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Archiver > GENEALOGY-DNA > 2005-06 > 1119022767


From: "Glen Todd" <>
Subject: RE: [DNA] sub rugrat level
Date: Fri, 17 Jun 2005 09:39:27 -0600
In-Reply-To: <001901c57332$971b1260$5a579045@Ken1>


> While we wait for some SNP tests to be done on the new clade
> (probably of
> I), I'm interested in why you believe it has a Norman character?

More or less because I've been looking at the people involved in the various
'hits'. We have Tavernier - in Norman France. We have me - and at least
one historical account has our family name line coming to Yorkshire from
Normandy. We have Clason/Clawson, from a part of Connecticut that
historical records show was populated largely from the Yorkshire area, and
another spelling of the name - Clauson - is known to be French. (I have
an acquaintance named Clauson, who is of French ancestry.) We have two
Irish hits, one of which has family history saying that they came from
Norman France via England ca. 1200CE, and the other is 25/25 with the first
one (and which has a French sounding name and earliest known ancestor is in
French Park, Ireland). We have a Danish hit, and the Normans were in
large part originally Danes. There are other hits in the British Isles,
any of which COULD be Norman, and quite a number where the earliest known
ancestor is in the United States, but history of the region suggest could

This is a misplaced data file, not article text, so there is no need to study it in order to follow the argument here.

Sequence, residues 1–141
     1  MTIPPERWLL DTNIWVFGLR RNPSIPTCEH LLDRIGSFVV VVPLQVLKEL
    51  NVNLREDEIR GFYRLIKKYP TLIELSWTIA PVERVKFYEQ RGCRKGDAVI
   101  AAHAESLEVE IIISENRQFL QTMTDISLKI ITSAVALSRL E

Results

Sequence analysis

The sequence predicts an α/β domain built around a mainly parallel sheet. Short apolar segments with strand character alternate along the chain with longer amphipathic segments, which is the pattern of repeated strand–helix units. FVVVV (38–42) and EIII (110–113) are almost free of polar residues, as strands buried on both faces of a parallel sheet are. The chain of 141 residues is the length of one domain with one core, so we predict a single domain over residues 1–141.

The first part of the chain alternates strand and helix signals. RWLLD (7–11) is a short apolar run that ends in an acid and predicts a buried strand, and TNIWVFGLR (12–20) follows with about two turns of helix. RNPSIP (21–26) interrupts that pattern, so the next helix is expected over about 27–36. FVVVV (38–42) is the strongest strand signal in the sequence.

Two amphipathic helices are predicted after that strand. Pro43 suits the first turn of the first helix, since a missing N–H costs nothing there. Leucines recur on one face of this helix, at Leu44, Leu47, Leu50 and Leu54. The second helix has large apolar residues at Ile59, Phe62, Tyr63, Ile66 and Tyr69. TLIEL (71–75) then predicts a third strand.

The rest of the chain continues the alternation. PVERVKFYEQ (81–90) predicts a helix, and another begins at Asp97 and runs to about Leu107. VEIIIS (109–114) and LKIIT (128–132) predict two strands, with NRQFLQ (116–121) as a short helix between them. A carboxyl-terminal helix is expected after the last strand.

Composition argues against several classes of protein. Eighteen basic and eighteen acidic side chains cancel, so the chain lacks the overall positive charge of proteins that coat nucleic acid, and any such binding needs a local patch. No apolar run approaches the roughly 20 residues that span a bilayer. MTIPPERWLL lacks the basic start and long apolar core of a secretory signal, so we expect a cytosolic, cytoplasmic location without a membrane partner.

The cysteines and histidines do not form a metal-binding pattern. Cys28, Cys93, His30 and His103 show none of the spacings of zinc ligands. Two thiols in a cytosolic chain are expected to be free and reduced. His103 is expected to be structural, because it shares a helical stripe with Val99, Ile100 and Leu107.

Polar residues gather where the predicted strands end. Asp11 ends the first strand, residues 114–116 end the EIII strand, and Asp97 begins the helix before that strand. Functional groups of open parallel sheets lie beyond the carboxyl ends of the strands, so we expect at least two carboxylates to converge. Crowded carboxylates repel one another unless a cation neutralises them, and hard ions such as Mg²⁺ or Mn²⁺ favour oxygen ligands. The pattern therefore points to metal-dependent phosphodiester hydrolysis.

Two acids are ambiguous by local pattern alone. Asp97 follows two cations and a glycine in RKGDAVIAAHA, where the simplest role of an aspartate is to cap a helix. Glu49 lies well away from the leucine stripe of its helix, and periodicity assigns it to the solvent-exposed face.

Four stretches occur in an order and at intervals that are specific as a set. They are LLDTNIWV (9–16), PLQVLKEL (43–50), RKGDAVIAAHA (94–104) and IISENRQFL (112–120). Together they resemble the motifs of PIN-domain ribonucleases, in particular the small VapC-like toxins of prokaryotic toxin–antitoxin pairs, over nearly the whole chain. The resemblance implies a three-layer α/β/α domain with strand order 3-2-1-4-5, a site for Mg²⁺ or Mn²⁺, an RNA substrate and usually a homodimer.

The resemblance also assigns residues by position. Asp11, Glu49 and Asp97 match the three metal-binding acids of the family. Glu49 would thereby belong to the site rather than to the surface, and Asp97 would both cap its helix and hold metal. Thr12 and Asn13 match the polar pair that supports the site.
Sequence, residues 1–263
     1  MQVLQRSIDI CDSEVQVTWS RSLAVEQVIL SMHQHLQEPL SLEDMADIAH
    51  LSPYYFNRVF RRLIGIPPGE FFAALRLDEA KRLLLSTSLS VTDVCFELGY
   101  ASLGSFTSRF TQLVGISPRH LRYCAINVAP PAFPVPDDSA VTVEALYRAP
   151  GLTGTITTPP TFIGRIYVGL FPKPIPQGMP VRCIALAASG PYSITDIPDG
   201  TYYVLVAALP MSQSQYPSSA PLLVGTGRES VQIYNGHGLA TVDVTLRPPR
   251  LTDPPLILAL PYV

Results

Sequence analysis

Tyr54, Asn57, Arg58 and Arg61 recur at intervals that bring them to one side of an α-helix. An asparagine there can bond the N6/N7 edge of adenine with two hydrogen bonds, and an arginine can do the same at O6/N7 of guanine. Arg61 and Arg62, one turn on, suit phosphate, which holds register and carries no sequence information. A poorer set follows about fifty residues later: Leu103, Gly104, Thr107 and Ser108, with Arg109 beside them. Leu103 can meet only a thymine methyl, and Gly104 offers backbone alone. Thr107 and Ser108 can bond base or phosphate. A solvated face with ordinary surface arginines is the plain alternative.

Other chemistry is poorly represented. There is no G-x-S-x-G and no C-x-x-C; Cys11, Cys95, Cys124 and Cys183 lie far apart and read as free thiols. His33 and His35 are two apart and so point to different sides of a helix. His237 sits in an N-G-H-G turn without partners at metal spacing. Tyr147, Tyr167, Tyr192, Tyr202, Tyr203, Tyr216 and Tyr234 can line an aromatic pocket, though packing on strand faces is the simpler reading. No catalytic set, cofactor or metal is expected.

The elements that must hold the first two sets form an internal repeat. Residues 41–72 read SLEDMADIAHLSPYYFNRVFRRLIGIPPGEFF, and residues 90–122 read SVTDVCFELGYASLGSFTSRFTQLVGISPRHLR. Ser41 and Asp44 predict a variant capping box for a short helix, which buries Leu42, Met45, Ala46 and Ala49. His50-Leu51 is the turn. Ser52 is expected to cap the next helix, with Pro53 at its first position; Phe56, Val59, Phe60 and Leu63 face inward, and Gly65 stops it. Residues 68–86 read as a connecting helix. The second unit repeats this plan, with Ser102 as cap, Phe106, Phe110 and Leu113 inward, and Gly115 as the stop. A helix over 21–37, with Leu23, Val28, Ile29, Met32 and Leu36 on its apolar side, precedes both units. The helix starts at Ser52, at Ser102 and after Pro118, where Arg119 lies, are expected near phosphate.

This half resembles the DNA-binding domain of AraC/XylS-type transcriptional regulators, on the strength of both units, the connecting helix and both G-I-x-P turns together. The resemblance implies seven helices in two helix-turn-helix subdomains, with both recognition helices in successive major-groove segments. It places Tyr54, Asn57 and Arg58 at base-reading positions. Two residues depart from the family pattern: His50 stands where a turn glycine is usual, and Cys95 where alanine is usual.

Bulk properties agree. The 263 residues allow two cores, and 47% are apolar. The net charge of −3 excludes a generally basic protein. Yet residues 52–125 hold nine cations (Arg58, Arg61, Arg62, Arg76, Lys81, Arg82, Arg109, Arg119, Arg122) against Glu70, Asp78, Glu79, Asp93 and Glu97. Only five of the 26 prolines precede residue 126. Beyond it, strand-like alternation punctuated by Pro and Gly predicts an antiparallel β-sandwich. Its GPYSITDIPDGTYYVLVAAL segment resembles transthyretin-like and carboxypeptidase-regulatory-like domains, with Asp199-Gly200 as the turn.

well be British Isles ancestry. There are also some anomalies (Germany,
Holland, and Brazil), but they could be explained either by recent migration
(I don't know how far known lines go back on them - I would suspect with
Brazil in particular that it's not very far, and Brazil is known to have
Germanic ties) or by the 'root' of the subclade being in one of the old
Teutonic tribes.

Should the SNPs prove out to be 'I', that is consistent as well, since the
Normans were basically originally Vikings. (Rollo the Walker, first duke
of Normandy, was born in Norway, and of course the word 'Norman' itself is a
corruption of 'Northmen'.) My family name ('Todd') is an Old English/Old
Norse (many words are the same between the two closely related languages)
meaning 'fox'. It's far from inconceivable that, while the Normans had
essentially converted to speaking French by the time of the Conquest, traces
of the older language might have survived, particularly in names. (And to
this day, parts of Yorkshire 'dialect' are recognizably Old Norse, as are
many dialect words in parts of the Highlands. Some of this is undoubtedly
from the Danelaw, but some of it might be from the Normans.

IMO it's a long way from being enough evidence to label this a 'Norman
subclade' at this point, but it's enough to provide food for speculation.

Glen


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